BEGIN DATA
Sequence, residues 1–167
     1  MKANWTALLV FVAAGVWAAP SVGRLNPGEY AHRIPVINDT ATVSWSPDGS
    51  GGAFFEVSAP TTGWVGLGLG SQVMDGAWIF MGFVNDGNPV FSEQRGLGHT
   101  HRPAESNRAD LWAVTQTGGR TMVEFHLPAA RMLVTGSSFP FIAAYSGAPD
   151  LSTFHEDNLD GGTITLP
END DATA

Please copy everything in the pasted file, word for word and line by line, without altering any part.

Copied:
Sequence, residues 1–167
     1  MKANWTALLV FVAAGVWAAP SVGRLNPGEY AHRIPVINDT ATVSWSPDGS
    51  GGAFFEVSAP TTGWVGLGLG SQVMDGAWIF MGFVNDGNPV FSEQRGLGHT
   101  HRPAESNRAD LWAVTQTGGR TMVEFHLPAA RMLVTGSSFP FIAAYSGAPD
   151  LSTFHEDNLD GGTITLP